San Diego mayoral victory puts Faulconer high on state GOP ladder

SAN DIEGO — As Mayor-elect Kevin Faulconer prepares to take power at City Hall, voters here are well aware what the game plan of a Republican mayor looks like.

It’s the strategy used by former Mayor Jerry Sanders, a Faulconer supporter, as he struggled to pull the city out of a financial mess: Keep city spending low, maintain a tight rein on labor unions, support business interests to help create jobs.

But less clear is what Faulconer’s surprisingly easy victory Tuesday over Democratic Councilman David Alvarez — 55% to 45% — means for the statewide GOP, which now holds no statewide offices.

“Faulconer overnight goes from minority member of the City Council to the highest ranked and highest profile Republican in the state,” said Carl Luna, a political science professor at San Diego Mesa College.


Allan Hoffenblum, a former GOP strategist who now publishes the nonpartisan California Target Book, said Faulconer’s victory shows that Republicans can still win big races “if they have the right candidate,” noting that Faulconer campaigned as a fiscal conservative who is moderate on social issues, including supporting gay marriage and abortion rights.

“If you want to elect more Republicans, make sure you have a candidate who is a good fit for the district instead of one who passes some ideological litmus test,” Hoffenblum said.

In San Diego terms, the election was yet another milestone in leaving the scandalous tenure of ex-Mayor Bob Filner in the past. After a chaotic management style brought havoc to city government, Filner was forced to resign Aug. 30 amid accusations of sexual harassment.

In Faulconer and Alvarez, voters were presented with two candidates known for civility and for being cooperative even with ideological opponents — in short, the opposite of Filner.


Of the Filner saga, Faulconer said simply: “We know the year we went through did not reflect who we were.”

As Democrats and Republicans alike analyzed Faulconer’s victory, both sides focused on the sharp drop-off in turnout from November 2012 when Filner was elected as the city’s first Democratic mayor in two decades. In that election, turnout was 68%; on Tuesday it fell to approximately 38%.

Faulconer’s politics, plus a low voter turnout, helped him to victory in a city where Democrats hold a 40% to 26% edge in voter registration over Republicans, with independents at 29%.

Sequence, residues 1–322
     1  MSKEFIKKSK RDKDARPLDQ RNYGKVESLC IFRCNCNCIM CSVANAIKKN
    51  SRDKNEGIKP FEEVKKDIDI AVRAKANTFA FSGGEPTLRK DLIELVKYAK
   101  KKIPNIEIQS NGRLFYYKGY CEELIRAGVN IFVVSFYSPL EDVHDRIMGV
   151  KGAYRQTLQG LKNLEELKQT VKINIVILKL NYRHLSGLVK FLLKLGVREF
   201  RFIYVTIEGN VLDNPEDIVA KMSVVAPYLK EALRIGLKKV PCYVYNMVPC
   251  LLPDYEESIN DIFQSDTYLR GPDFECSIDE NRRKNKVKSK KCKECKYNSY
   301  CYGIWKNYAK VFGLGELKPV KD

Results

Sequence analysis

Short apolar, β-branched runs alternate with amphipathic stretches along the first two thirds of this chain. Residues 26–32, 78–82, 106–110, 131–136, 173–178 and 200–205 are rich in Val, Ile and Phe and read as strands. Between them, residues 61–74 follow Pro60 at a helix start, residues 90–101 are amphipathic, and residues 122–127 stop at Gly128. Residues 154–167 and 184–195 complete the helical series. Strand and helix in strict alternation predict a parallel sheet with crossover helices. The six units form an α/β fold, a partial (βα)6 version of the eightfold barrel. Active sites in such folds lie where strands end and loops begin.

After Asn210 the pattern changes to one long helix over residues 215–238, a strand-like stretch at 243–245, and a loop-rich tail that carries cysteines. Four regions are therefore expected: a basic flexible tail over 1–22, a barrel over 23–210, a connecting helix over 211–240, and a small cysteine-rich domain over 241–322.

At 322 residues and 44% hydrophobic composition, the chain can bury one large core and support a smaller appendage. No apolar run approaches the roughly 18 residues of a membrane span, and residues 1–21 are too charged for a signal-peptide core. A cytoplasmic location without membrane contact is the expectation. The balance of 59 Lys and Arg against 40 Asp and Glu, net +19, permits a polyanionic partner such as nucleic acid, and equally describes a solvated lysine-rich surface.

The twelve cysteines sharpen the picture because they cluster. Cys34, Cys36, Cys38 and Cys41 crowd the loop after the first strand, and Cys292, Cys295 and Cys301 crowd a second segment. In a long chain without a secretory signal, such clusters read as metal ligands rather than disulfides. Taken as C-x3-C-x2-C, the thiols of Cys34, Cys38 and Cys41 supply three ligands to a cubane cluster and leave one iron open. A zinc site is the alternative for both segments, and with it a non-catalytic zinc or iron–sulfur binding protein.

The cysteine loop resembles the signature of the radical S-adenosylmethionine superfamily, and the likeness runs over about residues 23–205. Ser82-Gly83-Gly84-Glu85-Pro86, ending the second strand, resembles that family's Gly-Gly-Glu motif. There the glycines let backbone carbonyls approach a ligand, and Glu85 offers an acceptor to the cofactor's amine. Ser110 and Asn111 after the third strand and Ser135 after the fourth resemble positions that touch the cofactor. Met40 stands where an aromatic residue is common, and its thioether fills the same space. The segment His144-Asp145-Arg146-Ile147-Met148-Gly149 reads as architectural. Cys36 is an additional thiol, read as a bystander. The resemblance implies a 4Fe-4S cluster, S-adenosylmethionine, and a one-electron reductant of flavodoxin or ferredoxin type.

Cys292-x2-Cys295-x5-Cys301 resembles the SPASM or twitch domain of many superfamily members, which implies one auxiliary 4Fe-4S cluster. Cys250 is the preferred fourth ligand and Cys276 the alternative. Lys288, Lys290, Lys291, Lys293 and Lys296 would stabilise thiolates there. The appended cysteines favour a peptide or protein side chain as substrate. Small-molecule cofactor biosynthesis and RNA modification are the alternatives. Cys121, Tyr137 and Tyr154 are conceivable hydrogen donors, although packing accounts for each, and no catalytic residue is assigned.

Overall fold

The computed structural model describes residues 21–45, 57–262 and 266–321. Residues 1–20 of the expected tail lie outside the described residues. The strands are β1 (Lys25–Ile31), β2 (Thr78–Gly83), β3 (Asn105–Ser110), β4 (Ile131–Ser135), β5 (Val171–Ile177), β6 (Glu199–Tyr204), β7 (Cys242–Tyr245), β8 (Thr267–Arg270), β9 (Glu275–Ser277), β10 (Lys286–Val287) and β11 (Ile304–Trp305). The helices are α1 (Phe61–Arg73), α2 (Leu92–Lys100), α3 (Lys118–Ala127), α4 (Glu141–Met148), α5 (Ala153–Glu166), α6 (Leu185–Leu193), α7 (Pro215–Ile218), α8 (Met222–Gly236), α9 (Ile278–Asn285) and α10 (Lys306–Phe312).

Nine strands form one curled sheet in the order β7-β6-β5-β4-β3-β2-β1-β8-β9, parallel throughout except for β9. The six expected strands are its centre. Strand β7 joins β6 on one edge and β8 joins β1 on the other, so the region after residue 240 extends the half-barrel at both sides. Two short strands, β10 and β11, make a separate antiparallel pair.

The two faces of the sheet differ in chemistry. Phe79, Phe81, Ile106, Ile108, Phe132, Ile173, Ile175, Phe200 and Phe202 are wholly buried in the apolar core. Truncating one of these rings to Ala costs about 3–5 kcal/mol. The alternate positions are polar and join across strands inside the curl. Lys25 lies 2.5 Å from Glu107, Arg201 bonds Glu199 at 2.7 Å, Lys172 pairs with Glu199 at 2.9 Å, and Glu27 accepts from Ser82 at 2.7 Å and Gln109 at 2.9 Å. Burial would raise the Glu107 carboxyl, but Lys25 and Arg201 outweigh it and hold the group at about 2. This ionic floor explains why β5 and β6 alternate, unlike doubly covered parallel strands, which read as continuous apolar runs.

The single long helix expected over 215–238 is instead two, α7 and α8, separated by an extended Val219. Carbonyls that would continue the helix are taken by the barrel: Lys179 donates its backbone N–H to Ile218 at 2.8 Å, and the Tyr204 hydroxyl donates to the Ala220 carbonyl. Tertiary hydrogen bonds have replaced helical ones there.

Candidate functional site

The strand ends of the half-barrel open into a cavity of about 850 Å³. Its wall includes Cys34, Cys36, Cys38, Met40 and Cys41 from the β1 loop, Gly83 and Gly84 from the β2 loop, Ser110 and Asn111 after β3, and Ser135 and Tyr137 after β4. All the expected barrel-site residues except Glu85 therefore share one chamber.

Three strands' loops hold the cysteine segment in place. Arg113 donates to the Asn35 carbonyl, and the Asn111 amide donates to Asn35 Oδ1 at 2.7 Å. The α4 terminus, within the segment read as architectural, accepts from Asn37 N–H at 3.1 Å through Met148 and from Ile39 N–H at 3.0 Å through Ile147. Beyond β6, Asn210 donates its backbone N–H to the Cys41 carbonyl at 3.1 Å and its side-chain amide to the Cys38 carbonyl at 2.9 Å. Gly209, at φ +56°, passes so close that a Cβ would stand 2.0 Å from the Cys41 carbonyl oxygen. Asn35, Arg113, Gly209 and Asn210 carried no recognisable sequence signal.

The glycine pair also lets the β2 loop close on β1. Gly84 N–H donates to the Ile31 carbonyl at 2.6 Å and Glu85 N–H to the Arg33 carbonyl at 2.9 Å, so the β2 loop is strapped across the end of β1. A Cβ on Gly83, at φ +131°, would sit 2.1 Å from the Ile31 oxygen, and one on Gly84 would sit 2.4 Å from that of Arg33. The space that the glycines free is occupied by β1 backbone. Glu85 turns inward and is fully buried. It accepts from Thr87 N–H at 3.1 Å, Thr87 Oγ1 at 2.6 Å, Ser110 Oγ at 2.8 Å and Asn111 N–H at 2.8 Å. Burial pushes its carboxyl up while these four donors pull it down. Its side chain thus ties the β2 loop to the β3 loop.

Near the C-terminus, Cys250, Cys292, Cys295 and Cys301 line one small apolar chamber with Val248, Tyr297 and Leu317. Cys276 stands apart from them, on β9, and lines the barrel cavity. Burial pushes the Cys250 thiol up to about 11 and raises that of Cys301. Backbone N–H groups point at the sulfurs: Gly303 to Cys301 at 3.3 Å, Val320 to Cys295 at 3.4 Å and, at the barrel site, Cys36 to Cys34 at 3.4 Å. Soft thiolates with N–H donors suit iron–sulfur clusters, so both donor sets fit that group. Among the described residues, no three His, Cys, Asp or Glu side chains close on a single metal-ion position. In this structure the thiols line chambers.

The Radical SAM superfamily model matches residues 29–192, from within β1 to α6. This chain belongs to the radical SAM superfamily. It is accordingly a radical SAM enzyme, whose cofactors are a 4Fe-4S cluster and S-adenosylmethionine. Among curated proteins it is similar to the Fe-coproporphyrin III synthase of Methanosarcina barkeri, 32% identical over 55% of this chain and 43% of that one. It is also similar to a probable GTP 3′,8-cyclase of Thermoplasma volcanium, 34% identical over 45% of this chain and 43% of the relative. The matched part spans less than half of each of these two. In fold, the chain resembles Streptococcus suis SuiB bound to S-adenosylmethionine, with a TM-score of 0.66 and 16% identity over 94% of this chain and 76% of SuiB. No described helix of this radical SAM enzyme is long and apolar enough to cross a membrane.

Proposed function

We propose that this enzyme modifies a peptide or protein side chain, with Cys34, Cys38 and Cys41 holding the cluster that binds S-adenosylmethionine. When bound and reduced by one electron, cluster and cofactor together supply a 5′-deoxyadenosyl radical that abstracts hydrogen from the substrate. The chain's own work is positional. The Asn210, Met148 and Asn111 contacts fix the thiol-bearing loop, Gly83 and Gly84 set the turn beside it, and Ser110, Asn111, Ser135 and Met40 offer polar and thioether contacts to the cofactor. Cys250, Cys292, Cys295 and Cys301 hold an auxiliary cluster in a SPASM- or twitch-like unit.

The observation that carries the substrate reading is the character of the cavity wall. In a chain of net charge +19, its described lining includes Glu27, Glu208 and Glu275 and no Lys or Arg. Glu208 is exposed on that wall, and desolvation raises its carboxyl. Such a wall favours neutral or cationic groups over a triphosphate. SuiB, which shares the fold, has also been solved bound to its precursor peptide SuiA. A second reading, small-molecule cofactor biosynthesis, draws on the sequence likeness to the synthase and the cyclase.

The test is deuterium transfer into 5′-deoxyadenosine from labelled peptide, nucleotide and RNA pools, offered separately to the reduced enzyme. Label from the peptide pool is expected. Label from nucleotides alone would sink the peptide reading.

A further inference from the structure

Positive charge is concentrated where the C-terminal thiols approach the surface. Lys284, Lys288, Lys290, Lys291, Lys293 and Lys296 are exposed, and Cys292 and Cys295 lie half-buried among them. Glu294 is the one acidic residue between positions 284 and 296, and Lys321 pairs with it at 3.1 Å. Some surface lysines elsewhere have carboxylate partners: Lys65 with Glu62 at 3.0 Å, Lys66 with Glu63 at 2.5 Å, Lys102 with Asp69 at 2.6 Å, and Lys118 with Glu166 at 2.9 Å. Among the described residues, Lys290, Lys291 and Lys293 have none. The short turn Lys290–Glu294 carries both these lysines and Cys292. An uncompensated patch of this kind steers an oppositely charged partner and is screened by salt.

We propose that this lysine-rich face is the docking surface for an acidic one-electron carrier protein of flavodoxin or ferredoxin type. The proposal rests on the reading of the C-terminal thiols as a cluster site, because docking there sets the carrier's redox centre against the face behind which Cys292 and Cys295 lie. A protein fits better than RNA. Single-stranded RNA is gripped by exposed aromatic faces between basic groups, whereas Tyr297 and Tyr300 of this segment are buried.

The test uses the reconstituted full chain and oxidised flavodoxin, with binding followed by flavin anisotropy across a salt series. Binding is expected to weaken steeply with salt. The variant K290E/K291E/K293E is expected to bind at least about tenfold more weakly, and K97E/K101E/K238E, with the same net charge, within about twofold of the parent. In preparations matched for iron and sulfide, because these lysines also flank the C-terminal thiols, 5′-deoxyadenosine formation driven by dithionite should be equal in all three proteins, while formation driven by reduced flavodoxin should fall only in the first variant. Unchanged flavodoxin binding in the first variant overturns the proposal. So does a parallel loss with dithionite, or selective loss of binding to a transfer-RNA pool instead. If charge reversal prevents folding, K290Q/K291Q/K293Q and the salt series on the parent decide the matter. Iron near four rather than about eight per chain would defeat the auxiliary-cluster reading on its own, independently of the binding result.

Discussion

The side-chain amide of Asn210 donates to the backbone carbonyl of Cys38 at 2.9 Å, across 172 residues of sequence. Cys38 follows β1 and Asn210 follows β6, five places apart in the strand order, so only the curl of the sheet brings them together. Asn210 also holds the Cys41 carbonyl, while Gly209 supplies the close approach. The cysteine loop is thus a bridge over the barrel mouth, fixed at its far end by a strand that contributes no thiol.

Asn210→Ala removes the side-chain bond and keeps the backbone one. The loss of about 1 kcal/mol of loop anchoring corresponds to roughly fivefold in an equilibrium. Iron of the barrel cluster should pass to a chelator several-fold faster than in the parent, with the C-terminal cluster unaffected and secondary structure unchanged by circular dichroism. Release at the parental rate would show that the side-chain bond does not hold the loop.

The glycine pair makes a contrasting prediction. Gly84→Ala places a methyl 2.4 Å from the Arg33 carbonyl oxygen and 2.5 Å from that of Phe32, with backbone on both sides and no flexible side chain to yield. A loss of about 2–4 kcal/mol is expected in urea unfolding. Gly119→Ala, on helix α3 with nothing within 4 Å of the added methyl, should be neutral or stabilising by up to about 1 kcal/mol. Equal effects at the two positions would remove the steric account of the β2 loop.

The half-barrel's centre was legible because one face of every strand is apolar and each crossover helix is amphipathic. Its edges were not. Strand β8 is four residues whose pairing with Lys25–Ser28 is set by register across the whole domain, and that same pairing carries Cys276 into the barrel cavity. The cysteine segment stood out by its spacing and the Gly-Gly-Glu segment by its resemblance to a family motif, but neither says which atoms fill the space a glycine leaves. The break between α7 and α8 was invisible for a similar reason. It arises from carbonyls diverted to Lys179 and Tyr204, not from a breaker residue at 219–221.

Steve Erie, a political science professor at UC San Diego, said that “the local stars were aligned for a Faulconer victory” — a disgraced Democratic mayor forced to resign, a united GOP, a young, inexperienced Democratic candidate and a low voter turnout that favors “high propensity” Republican voters.

“We can never just assume that because we’ve got an increasingly Latino population, Asian population, younger population, that that will translate into people voting on election day,” said Richard Barrera, secretary-treasurer of the San Diego and Imperial Counties Labor Council.

Also, Erie noted, Faulconer seemingly campaigned as an independent, moving away from being identified as a Republican.

Faulconer, 47, a former public relations executive and now a two-term City Council member representing beach districts and Point Loma, never stressed his party affiliation, down to the point of a press aide insisting that Faulconer did not attend the 1996 Republican National Convention held in San Diego.

To burnish his moderate credentials, Faulconer campaigned in Spanish. He also supports a revision of immigration law, including a path to citizenship for those living in the U.S. illegally.


Faulconer’s victory makes San Diego the largest city in the country with a Republican mayor.

“America’s 8th largest city is back in Republican hands!” tweeted Tony Krvaric, chairman of the San Diego County Republican Party.

Flush with victory, Faulconer vowed Wednesday to continue on a path approved by voters during Sanders’ tenure: pension reform and the outsourcing of city jobs. Both were opposed by Alvarez, whose campaign was heavily funded by labor unions.

Faulconer is set to be sworn in March 3 and serve the final 33 months of Filner’s term. Alvarez remains on the council.

Filner, 71, is serving a 90-day home confinement after pleading guilty to two counts of misdemeanor battery and one count of false imprisonment, all involving the mistreatment of women.

Although getting the mayor’s job has proved elusive, Democrats hold five of nine seats on the council, all three San Diego districts in Congress and five of six San Diego districts in the state Legislature.

Although Faulconer and Alvarez quickly promised to work together, three pending issues show their philosophic divide: raising the minimum wage, taxing developers to provide low-income housing and a zoning plan to protect Barrio Logan homeowners from shipyard businesses.

Alvarez, 33, representing a blue-collar district south of Interstate 8, supports all three plans, while Faulconer opposes them.


Democrats have only themselves to blame for Alvarez’s defeat, Luna said, particularly for not getting more of their voters to the polls. Their downfall began with picking Alvarez over former Assemblyman Nathan Fletcher in the November primary.

Fletcher, Luna said, was more moderate and “likely more electable” than Alvarez, a “true-blue liberal progressive.”

“Voting your heart only works if you win,” Luna said.

Times staff writer Jean Merl in Los Angeles contributed to this report.

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